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Decline and Fall: The UK's Shocking IT Education Record

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What would you think if you heard that only a third of Britain's secondary schools were teaching children to read or write properly? Such a figure would be shocking to most people. Luckily, things aren't quite that bad - but a damning report from Ofsted, out this week says that only one third of secondary schools achieve 'Good' or better at teaching ICT. And anyone who thinks that computer skills aren't becoming as vital as reading and writing probably hasn't worked in the modern world.

The fact that this story hasn't been more prominent in the news is testament to our complacency in the face of what could be an impending disaster for the UK. Collectively, we just don't seem to realise the value of engineering (and particularly these days, computer engineering) for creating jobs and wealth in our country. But, as Eric Schmidt, the CEO of Google, argued in a speech this summer, they're really what made this country great in the first place.

Running a software company, I get to see first-hand the quality of people's computer skills in this country. And when you have to explain to someone in their twenties the difference between a single- and double-click, you start to wonder if something might be wrong.

I left school in 2007. In my entire time at secondary school, I had around 30 hours of computer education, concentrated between the ages of 11 and 12. I was not offered computing as an option at either GCSE or A-Level. Looking back now, it's only because of my learning outside of school that I can do my job today. In that regard, none of my formal education prepared me in any way for the bulk of what I do from day to day.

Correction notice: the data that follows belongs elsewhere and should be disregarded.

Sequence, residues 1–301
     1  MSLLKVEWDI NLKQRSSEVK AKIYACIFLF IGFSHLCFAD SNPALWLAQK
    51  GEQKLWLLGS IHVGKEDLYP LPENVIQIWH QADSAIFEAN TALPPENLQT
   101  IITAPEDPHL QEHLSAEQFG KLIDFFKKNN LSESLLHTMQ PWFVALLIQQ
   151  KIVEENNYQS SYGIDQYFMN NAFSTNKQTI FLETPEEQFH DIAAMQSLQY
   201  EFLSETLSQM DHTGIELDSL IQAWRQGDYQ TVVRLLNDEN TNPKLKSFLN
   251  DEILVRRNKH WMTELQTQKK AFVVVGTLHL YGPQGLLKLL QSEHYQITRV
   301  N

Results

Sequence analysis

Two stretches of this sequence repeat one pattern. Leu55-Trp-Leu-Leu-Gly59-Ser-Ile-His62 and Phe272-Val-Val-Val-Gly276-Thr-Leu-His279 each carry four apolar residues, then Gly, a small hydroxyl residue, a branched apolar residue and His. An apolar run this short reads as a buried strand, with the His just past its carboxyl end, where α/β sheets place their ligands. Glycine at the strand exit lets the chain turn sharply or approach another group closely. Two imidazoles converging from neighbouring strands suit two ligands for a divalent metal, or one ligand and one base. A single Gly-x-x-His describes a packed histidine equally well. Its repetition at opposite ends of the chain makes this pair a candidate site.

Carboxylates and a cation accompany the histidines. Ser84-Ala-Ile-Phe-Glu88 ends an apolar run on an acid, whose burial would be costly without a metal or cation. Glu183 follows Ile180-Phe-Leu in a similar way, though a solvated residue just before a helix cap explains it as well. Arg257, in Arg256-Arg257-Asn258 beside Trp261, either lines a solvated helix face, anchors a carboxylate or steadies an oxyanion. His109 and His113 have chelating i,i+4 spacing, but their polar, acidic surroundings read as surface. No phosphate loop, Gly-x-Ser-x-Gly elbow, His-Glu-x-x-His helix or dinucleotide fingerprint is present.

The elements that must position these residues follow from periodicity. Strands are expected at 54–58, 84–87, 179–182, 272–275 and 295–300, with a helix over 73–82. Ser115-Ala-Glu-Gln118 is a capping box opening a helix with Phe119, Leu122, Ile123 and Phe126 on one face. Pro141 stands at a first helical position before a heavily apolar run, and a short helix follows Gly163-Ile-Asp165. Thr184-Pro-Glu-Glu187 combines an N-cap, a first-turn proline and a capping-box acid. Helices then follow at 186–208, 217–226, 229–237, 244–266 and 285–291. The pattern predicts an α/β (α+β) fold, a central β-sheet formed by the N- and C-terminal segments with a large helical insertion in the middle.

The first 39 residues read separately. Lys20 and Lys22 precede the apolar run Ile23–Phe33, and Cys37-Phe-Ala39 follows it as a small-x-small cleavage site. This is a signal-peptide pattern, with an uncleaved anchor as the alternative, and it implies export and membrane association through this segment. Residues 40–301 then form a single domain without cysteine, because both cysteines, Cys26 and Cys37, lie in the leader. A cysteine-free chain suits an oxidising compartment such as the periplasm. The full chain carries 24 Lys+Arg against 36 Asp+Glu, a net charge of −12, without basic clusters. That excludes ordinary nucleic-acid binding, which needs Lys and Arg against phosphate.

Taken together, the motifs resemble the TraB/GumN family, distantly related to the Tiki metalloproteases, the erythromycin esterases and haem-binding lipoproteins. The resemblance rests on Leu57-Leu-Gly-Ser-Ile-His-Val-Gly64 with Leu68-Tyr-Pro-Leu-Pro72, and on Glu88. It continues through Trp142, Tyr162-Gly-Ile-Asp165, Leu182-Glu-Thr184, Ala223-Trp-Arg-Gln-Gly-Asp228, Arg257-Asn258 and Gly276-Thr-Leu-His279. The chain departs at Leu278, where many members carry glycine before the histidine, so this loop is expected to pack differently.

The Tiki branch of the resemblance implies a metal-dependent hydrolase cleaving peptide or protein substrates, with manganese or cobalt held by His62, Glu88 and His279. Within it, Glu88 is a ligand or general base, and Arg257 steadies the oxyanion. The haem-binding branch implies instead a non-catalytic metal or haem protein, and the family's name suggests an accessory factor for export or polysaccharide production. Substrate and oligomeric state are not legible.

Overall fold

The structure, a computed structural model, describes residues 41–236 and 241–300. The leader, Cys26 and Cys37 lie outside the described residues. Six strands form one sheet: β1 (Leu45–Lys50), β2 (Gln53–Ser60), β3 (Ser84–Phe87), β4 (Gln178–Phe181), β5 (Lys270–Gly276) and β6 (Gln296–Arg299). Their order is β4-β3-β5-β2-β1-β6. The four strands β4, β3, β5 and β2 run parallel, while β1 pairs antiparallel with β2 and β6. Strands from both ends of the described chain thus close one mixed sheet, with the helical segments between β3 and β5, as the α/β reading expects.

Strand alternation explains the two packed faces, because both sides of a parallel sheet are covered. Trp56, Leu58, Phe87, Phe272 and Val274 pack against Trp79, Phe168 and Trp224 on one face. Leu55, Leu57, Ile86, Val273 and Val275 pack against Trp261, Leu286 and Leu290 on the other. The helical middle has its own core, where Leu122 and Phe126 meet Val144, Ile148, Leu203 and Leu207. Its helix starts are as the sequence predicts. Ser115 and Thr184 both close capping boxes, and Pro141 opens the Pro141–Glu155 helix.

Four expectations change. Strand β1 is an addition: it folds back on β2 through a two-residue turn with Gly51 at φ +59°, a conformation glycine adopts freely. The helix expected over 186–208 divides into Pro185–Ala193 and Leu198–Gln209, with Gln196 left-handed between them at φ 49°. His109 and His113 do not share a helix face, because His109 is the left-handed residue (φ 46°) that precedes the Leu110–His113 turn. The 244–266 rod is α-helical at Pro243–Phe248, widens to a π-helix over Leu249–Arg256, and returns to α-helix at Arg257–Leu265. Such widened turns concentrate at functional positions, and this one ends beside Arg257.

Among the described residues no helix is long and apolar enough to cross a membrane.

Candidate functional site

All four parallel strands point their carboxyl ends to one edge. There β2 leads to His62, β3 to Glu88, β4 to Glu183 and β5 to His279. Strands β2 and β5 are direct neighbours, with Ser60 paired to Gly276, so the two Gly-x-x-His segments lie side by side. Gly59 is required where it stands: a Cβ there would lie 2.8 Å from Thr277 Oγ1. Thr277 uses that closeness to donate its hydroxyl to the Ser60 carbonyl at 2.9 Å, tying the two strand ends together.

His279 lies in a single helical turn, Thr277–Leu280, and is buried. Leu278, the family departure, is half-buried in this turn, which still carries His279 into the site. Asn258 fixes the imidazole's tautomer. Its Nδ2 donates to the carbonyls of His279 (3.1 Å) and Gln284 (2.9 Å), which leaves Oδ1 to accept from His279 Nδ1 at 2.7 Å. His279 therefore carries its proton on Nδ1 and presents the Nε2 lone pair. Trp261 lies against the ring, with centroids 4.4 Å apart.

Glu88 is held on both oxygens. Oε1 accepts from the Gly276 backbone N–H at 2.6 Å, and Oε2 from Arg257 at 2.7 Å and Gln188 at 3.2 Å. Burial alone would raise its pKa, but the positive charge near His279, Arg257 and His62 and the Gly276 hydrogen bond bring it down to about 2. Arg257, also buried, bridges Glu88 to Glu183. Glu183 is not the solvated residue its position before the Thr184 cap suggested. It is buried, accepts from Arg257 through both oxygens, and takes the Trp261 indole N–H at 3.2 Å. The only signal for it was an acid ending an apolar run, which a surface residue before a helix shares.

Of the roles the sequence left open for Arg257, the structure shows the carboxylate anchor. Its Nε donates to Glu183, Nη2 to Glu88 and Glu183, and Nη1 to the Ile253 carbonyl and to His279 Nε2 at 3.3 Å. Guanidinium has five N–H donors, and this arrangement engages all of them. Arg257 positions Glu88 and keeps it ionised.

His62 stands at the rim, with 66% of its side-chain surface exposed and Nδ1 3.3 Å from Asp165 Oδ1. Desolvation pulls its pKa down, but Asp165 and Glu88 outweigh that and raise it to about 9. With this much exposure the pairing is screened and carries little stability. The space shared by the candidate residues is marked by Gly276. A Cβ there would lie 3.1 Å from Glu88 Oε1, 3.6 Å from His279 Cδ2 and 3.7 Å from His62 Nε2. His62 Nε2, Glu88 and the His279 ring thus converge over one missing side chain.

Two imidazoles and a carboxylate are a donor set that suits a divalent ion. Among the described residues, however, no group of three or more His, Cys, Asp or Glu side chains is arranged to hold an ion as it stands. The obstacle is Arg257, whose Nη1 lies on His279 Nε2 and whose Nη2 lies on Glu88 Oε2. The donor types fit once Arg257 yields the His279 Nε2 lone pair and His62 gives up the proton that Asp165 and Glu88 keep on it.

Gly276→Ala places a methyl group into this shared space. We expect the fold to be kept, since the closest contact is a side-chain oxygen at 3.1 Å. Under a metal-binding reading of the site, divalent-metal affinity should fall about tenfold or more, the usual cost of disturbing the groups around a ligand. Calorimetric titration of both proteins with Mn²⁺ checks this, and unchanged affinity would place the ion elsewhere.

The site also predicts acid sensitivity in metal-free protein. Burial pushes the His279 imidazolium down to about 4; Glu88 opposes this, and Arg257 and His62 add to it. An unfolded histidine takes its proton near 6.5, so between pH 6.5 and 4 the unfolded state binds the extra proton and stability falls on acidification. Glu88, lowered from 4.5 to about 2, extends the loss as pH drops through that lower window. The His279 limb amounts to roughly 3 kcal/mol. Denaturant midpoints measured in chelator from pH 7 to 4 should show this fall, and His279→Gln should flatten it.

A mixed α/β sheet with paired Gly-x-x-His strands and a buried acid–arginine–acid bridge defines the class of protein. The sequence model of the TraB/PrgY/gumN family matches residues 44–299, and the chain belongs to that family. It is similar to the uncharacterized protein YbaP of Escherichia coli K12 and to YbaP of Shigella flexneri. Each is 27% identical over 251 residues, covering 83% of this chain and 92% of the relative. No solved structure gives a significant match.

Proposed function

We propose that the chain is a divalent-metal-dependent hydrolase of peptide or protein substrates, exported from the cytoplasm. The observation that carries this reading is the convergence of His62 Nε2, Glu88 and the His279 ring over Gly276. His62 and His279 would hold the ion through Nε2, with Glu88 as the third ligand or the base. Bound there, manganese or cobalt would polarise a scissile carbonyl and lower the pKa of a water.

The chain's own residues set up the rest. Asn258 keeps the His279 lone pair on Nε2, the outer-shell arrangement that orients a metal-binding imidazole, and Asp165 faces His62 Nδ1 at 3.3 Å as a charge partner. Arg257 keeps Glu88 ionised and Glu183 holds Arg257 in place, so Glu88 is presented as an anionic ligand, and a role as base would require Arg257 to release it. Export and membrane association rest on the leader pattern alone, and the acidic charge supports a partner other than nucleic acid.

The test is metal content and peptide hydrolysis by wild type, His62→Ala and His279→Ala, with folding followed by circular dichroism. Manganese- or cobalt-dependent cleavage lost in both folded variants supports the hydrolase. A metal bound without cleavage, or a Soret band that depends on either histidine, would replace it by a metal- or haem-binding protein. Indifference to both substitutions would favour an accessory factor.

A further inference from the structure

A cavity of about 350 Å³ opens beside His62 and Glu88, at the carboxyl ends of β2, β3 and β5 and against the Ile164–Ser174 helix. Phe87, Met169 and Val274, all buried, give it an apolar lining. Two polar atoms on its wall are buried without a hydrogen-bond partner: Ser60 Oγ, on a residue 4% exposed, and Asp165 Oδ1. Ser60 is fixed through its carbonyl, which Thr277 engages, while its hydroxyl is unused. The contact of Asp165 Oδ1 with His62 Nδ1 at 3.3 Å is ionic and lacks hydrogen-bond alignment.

What's really surprising is that this lack of education is apparently still the case, even when internet businesses contribute almost as much to our economy as financial services, and are estimated to overtake them to become 15% of GDP by 2015. And this is an industry that didn't cause a recession, didn't need the Prime Minister to risk our place in Europe for last week, and is still creating jobs.

Computer skills are not only necessary for the geeks at Google. Using a computer makes you a citizen of the world in the 21st century, able to access all of human knowledge openly and freely for the first time in history - something that even the most privileged and greatest minds could only dream of even 20 years ago. But learning how to use a computer properly - as a tool for enhanced creativity - is what enables people to be truly useful in the modern society. And in an age when improvements in transport, communications and economic openness are making country borders less important than ever before, the countries with the most productive citizens will be those that succeed.

The good news is that the problem is apparently now moving up the political agenda, with Michael Gove, the education secretary, admitting recently that he thought that computer science needed to be taught more in schools. But with the great credit-funded consumer boom only just spluttering on as we stare into the precipice of what is widely predicted to be another recession, and with a record 1 million 16 to 24 year-olds unemployed, the uncomfortable question is: Is this too little, too late?

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